scanning 5 antenna input ports

  • Checking for an antenna on a multi antenna switch.
    Looking for a way to read my HF antenna switch before booting up the transmitter. Need to scan 5 antenna inputs for an antenna.
    the scan must show if there is an antenna or if there is not an antenna.
    the circuit must be able to read a dipole or loop.
    would like to use an Arduino to do the scan and provide the feedback.
    Code will be build after circuit is found.
    The circuit will be switch to each antenna input vea a stepper so there will never be any RF to the circuit once the transmitter is keyed.
    Any idea will be explored.

  • Admin

    There are a couple of questions that you have to think about in such design: What kind of antenna? How much TX power do you expect to have from your transmitter? What frequency band are you looking at Etc

    The only real way (to my knowledge) is reading swr on the antenna, but that needs you to start transmitting, in order to read the returned signal from the standing waves.

  • @tbowmo
    The antenna will be a loop or a dipole, long wire,ect,ect
    No RF, this check will be made before the transmitter is turned on.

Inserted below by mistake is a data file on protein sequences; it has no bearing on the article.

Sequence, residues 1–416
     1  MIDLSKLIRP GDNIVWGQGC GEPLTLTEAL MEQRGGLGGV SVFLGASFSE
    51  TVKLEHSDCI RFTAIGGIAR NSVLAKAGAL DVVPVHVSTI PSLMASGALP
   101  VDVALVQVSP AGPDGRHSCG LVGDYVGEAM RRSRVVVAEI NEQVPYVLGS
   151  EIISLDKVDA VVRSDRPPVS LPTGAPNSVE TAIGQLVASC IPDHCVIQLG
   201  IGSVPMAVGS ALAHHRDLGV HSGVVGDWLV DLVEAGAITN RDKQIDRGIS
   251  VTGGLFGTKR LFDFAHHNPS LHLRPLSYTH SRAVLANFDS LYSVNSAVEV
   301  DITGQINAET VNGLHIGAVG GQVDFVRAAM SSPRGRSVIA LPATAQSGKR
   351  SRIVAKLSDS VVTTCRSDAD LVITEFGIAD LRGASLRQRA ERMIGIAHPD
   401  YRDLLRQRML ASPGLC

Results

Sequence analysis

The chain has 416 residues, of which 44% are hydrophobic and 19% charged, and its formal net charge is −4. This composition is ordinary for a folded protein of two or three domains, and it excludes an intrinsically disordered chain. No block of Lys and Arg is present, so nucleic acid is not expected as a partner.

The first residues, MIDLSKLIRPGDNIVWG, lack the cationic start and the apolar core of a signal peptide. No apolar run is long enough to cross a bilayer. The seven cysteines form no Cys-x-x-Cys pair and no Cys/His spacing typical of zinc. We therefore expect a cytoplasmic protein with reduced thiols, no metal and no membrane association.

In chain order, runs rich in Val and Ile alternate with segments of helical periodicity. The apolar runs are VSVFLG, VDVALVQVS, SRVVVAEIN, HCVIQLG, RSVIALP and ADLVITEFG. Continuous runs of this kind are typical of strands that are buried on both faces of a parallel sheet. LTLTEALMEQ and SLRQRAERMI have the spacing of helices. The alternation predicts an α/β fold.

The loop is no problem it the dipole that I am stuck on.
    The loop and open input can be done with a wheatstone brige .
    The wire or dipole not that easy.
    Need something to see the antenna without any RF.

    Any ideas? : )

  • Mod

    I'm just curious about what you are trying to build

  • Do your antennas have a DC resistance or a DC short? If so you could make a comparator circuit that would compare the antenna resistance to a known resistor value.

  • If you are just trying to see if the antenna is attached, then no antenna would be infinite or open, and an antenna would be somewhere around 50 ohms, wouldnt it?

  • @schlog
    Hi and thanks for the interest .
    The build is a auto HF antenna tuner it will support up to 5 antenna plus dummy load and 5 transmitters. with display of RF power in watts , SWR forward and reverse power, and tuning of the tuner will all be displayed on the front panel. Once the tuner has found the right SWR for the frequency it will be stored on a sd card for future fast tuning on that frequency.
    The circuit or idea of a circuit I am looking for is to scan and check all 5 antenna input and all 5 transmitter input to make sure that the transmitter is
    linked to an antenna or dummy load .
    This check will be done on booting up of the tuner (cold check ) before any transmitter is turn on.

  • @thetoybarn